What makes a digital Ottoman project different from other digital projects and why isn’t it a straightforward endeavor but rather one that will probably take several years to develop successfully? And why isn’t there one already? Why would twenty-four people need one week together even to figure out where to begin? The Digital Ottoman Platform (DOP) workshop convened at the Institute June 8–12, 2015 to establish a transnational digital space in which to create, collect, and manage source materials, datasets, and scholarly work related to the Ottoman world. The goal is that these resources will be transparently and reliably authored, referenced, and reviewed to ensure that scholarly standards of research and publication are maintained for materials created and made available. The site, its materials, and its datasets will be sustainably managed to serve the global community of scholars, many of whom will also have contributed to the platform from their own research. At the same time, the space will be accessible to students, researchers, and readers worldwide.READ MORE>
Articles from the Institute Letter
Additional articles from new and past issues of the Institute Letter will continue to be posted over time and as they become available.
by Siobhan Roberts
The elusive nature of biographical truth
During a visit to the Institute in the 1970s, the mathematician John Horton Conway, then of Cambridge, spent the ten most interesting minutes of his life. Invited to deliver a talk to the undergraduate math club at Princeton, Conway made his way across town and wangled himself a private audience with the God of logic, Kurt Gödel.
Conway had recently enjoyed his self-proclaimed annus mirabilis: In a period of twelve months in and around 1969 (which he usually rounds up to 1970), he invented the cellular automaton Game of Life, he discovered the 24-dimensional symmetrical entity named the Conway group, and while playing around with trivial children’s games he happened upon the aptly named surreal numbers. While Conway might be most popular among the masses for Life and its cult following, and while he might be most highly regarded among mathematicians for his big group, Conway himself is proudest of his surreal numbers. The surreals are a souped-up continuum of numbers including all the merely real numbers—integers, fractions, and irrationals such as π—and then going above and beyond and below and within, gathering in all the infinites and infinitesimals; the surreals are the largest possible extension of the real number line. And deferring to Scientific American columnist Martin Gardner’s reliable assessment, the surreals are “infinite classes of weird numbers never before seen by man. They provide a secure foundation on which Conway … carefully builds a vast and fantastic edifice.”READ MORE>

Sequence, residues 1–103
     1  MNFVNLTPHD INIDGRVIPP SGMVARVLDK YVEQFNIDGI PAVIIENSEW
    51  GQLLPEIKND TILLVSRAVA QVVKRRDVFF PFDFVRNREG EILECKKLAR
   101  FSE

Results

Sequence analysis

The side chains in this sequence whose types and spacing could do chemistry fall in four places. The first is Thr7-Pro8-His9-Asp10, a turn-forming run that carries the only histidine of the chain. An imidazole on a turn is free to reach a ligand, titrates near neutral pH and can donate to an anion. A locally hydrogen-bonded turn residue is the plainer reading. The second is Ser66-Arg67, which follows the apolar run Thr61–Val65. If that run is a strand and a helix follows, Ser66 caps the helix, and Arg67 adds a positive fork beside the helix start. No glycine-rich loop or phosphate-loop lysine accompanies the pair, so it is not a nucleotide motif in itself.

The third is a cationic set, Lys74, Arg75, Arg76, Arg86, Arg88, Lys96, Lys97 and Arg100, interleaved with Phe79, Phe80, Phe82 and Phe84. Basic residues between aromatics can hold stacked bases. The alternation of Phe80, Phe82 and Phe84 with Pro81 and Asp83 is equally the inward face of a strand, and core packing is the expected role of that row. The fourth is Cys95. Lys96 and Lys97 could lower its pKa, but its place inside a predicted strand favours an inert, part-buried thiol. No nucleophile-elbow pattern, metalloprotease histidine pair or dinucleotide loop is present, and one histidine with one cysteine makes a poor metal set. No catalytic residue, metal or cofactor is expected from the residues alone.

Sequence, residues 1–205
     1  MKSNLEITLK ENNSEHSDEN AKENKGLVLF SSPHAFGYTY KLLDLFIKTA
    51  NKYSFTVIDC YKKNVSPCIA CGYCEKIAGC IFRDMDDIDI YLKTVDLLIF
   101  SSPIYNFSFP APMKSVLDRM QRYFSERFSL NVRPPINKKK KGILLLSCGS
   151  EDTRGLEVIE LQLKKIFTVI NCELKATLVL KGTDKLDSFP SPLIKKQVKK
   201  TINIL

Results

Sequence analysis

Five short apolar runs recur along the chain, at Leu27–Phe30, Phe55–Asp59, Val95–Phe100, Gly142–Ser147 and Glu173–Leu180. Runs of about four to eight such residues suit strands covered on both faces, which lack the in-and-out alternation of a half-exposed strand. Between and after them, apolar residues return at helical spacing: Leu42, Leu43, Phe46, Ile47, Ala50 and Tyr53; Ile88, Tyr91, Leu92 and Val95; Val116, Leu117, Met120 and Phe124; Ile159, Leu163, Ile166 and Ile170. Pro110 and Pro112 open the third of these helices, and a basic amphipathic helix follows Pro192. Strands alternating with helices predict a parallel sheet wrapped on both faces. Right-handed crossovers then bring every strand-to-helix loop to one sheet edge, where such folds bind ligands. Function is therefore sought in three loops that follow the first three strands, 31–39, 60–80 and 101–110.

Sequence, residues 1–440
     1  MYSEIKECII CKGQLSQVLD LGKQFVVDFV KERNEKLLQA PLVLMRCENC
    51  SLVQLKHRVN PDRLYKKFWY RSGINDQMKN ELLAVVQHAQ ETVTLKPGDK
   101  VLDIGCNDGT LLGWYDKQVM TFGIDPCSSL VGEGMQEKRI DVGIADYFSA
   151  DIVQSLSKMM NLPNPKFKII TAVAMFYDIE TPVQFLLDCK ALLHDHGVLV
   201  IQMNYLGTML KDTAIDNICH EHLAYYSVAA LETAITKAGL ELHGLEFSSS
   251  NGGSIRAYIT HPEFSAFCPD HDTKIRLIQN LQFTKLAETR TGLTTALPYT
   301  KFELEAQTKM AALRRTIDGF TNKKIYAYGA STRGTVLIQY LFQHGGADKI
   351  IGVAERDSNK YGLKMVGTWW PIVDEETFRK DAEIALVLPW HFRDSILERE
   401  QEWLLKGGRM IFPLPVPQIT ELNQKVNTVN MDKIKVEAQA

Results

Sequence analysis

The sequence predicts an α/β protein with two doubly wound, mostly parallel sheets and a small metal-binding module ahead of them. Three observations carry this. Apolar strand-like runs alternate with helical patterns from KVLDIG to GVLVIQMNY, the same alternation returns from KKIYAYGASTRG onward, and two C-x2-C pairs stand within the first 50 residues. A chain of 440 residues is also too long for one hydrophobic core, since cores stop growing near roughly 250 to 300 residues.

by Timothy Brandt
Might stellar rotation explain the variance of ages seen in star clusters?
“How big” is almost always an easier question to answer than “how old.” Though we can measure the sizes of animals and plants easily enough, we can often only guess at their ages. The same was long true of the cosmos. The ancient Greeks Eratosthenes and Aristarchus measured the size of the Earth and Moon, but could not begin to understand how old they were. With space telescopes, we can now even measure the distances to stars thousands of light-years away using parallax, the same geometric technique proposed by Aristarchus, but no new technology can overcome the fundamental mismatch between the human lifespan and the timescales of the Earth, stars, and universe itself. Despite this, we now know the ages of the Earth and the universe to much better than 1 percent, and are beginning to date individual stars. Our ability to measure ages, to place ourselves in time as well as in space, stands as one of the greatest achievements of the last one hundred years.READ MORE>
by Timothy Brandt
Five years ago, NASA’s Fermi Gamma-ray Space Telescope saw more gamma rays than expected from the area around the center of our galaxy. Many scientists suggest that the extra gamma rays could be from the annihilation of dark matter particles. This exotic interpretation, however, requires ruling out all other possible sources of the gamma rays. While working at IAS as Members in the School of Natural Sciences, Bence Kocsis and I have discovered an ideal candidate source.READ MORE>
by Stephen Adler
Exploring the connection between anomalies and counting quark degrees of freedom
The article by Wally Greenberg in the spring 2015 Institute Letter mentions the anomalous axial current triangle diagram and describes its connection with counting quark degrees of freedom. This derives from a calculation I did when a long-term Member at the Institute in 1968, so I thought it would be useful to describe in detail the work done by me and by Bill Bardeen at the Institute on axial-vector or chiral anomalies. At ﬁrst, this work was considered to be quantum ﬁeld theory esoterica, but it has turned out to have wide and continuing implications.
But ﬁrst, what is an axial-vector? A vector is a directed arrow. If you hold your right hand up to a mirror with the thumb pointing towards the mirror, you will see as the image a left hand with the thumb pointing towards you. This reversal of direction is characteristic of a vector under inversion of the coordinate axes (in this case, inversion of the axis perpendicular to the mirror). But another behavior is possible: a directed arrow that remains the same under inversion of the coordinate axes. Such a quantity is called an axial-vector or pseudovector. In the Maxwell equations for electromagnetism, electric ﬁelds behave as vectors and magnetic ﬁelds behave as axial-vectors under coordinate inversion, so this distinction has been around for many years.READ MORE>